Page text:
No, Richard and I are not financed by the Greek wine industry but here is yet another interesting wine from the Peloponnese – Nemea Reserve 2011 from Semeli Wines, north of the town of Nemea. It is made from the Agiorgitiko grape, Greece’s most widely planted red variety, but better grown at higher (cooler) altitudes where the resultant acidity gives some structure. It’s the only variety allowed in the Nemea appellation.
So much for the background. What did it (blind) taste like?
The colour was a consistent block of black/red and it showed its viscosity and weight in the obvious tears. The smell, faintly menthol, was of plums, damsons and liquorice which later changed to cherry as it sat in the glass. This was an attractive nose which promised much. The palate was tannic structured, polished and rich but with a lean finish, so much so I ventured a traditional Rioja for its origin. There was an alluring spiciness to it; we both admired it even though it was a little on the short side.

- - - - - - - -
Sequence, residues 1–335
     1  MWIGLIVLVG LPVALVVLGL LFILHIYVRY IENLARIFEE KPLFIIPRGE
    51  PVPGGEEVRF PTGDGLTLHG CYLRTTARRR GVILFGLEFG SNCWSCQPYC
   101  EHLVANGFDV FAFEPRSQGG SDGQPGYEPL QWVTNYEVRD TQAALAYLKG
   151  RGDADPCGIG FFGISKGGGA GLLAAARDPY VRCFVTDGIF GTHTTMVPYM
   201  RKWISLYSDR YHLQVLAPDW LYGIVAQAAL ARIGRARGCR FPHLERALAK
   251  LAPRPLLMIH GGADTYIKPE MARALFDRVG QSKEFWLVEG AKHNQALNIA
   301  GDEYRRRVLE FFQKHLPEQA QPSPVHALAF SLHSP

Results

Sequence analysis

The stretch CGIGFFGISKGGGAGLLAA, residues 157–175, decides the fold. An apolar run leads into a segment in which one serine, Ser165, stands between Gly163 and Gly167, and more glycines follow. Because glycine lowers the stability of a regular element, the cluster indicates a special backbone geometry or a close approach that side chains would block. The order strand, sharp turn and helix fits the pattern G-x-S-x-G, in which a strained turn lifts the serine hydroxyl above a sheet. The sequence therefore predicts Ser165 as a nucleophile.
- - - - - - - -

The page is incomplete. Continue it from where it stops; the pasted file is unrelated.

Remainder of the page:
There was a caveat, however. After about 30 minutes opened and sitting in the glass, it lost its sophistication and became distinctly raw, with the tannins barging their way to the forefront. Whether this was its age or an underlying lack of quality it is difficult to say but we would have liked it to maintain those lovely deep fruit tones of the initial tasting.
So, overall, good but not brilliant, initially wonderful but then declined. (There goes the sponsors’ money.)